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Global companies are vying for South Africa’s untapped talent

Global companies claim South Africa has untapped potential when it comes to its workforce. Photo: Pixabay

Global companies claim South Africa has untapped potential when it comes to its workforce. Photo: Pixabay

Published Aug 1, 2022


Durban - International companies have been setting up shop in the country in the past few years in the pursuit of South Africa’s talented workers.

As part of their global expansion, companies like Amazon and Panasonic are increasingly choosing to locate their headquarters here.

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CostCertified, a Canadian business that only recently established an office in Cape Town, is among these companies.

Mike Bignold, the founder and chief executive of this start-up, said South Africa offers a high-calibre, untapped talent pool for international businesses.

“Between unemployed graduates and people who don’t have any formal qualifications, they have all the relevant soft skills and potential, it’s not difficult to build a strong and successful local team,” said Bignold.

The residential construction estimating software company aims to create more than 300 jobs for locals in the next two years.

Weeks before any members of its staff arrived in the nation, CostCertified bought offices and started the local employment process.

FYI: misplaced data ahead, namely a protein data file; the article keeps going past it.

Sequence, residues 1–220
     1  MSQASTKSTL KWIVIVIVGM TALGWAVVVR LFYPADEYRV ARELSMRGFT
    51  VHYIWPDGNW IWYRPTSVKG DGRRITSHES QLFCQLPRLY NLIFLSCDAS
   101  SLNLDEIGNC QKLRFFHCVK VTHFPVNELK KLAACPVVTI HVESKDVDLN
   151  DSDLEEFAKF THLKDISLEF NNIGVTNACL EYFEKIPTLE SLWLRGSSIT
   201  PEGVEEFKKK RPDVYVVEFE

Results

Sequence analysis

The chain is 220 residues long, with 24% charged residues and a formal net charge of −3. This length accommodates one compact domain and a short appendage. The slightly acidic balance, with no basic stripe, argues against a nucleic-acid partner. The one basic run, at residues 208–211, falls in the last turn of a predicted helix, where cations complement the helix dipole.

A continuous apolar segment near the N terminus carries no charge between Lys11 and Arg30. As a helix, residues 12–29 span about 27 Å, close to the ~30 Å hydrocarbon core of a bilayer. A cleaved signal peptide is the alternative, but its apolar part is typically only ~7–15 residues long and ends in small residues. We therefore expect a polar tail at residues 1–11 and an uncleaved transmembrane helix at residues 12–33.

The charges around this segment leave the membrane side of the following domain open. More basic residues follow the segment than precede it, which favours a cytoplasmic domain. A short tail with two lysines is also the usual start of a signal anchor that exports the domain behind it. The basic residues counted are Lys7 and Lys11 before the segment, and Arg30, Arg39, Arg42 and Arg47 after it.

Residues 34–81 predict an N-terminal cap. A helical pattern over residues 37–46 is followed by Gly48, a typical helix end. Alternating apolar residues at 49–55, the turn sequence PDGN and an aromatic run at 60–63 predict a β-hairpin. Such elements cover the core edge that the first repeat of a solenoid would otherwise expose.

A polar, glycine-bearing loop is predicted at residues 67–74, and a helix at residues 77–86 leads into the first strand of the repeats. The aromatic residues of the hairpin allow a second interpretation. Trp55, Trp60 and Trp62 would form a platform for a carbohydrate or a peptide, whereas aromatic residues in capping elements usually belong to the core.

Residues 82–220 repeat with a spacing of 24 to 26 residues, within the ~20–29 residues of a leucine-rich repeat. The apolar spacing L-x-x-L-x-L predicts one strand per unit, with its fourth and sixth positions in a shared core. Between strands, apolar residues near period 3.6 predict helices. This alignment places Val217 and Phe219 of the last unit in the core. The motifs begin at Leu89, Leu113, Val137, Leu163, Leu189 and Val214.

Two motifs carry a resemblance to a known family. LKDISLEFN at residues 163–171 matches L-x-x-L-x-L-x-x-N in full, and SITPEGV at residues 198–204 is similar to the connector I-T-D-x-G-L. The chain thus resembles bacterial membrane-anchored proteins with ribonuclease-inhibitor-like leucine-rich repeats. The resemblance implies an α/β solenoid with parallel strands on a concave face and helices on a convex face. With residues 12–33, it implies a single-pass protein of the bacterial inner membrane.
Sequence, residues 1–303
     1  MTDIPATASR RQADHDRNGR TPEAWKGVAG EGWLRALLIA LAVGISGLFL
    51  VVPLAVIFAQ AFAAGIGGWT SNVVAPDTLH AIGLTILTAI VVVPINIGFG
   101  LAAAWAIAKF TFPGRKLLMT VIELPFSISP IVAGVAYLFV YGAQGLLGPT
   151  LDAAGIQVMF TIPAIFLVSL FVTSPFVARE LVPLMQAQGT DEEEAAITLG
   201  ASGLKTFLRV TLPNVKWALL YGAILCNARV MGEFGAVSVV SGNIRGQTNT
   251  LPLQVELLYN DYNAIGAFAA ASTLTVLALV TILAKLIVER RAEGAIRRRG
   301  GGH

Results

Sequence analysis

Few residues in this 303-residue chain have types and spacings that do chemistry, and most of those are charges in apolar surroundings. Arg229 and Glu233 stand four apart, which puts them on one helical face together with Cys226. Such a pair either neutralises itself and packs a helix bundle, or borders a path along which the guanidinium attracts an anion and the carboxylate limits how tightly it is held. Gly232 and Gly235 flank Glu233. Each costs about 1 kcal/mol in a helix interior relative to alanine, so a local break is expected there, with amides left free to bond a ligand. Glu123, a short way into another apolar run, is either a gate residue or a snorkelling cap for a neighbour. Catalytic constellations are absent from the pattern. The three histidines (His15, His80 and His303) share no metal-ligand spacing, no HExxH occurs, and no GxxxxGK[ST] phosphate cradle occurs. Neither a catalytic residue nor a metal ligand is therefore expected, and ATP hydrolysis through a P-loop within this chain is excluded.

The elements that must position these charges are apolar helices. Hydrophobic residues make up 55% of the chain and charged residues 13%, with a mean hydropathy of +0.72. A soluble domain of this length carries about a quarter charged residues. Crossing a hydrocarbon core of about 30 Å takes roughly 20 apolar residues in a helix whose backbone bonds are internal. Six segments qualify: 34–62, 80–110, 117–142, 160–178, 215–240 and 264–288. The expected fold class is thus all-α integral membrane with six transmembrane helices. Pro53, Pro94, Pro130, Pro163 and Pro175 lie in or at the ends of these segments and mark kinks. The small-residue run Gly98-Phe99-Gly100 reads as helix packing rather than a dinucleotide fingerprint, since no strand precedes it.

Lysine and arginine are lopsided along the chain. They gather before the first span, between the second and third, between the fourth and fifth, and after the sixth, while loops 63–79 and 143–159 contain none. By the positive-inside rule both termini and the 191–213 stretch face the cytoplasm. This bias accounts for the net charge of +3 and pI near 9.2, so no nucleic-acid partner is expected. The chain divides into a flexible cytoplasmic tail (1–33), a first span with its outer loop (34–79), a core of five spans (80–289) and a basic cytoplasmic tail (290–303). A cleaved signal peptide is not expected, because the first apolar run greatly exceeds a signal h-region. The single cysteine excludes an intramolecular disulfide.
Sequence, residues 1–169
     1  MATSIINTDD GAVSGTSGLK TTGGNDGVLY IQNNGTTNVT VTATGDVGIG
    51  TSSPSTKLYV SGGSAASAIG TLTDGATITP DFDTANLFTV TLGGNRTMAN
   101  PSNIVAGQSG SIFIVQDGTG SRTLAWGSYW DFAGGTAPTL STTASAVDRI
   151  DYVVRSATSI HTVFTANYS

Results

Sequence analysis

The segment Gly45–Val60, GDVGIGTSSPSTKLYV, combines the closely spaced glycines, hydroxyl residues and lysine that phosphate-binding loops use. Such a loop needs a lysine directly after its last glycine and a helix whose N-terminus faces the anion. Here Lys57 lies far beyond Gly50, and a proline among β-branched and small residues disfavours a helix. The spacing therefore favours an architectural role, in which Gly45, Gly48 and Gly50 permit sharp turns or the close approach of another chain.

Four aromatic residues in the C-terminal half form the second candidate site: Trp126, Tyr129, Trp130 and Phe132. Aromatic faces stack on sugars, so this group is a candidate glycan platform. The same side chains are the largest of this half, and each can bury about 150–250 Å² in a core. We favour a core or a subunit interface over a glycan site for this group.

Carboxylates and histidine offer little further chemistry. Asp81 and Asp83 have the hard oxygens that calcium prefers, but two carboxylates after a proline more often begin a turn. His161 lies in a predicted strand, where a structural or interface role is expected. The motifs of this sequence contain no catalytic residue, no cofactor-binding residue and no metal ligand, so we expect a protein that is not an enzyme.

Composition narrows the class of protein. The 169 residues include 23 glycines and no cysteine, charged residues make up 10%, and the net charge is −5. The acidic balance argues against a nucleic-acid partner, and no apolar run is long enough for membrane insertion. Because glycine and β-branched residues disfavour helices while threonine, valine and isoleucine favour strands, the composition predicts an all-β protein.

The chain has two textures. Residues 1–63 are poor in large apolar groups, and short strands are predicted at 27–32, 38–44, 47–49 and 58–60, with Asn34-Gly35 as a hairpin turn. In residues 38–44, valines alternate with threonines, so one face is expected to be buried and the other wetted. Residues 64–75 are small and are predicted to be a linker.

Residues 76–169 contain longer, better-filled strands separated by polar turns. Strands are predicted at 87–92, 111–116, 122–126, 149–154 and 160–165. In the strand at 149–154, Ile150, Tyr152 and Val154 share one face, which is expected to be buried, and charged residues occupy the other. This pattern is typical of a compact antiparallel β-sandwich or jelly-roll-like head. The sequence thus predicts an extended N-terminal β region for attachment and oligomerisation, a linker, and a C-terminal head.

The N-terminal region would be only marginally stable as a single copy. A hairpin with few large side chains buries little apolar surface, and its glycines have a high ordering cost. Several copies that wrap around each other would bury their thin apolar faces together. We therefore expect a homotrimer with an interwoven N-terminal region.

The entire process was virtual, including location scouting and performing Zoom interviews, which presented both opportunities and difficulties.

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“We found that some of our candidates were apprehensive about the speed at which they received offers. We are a hyper-growth company, and once we decide someone is a good fit, we fast-track the employment process to get them started,” said Bignold.

E-commerce company Amazon has not had the same journey in South Africa. In 2021, Cape Town permitted the Jeff Bezos-led business to build its R14 billion African headquarters.

However, the development has been met with heavy criticism from the San and Khoi people who say the American multinational conglomerate wants to build on a river that is a sacred site for the native people.

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“We will reclaim the river as a protected life-giving entity that can’t be buried to make way for 150 000 square metres of concrete,” said the Liesbeek Action Campaign.

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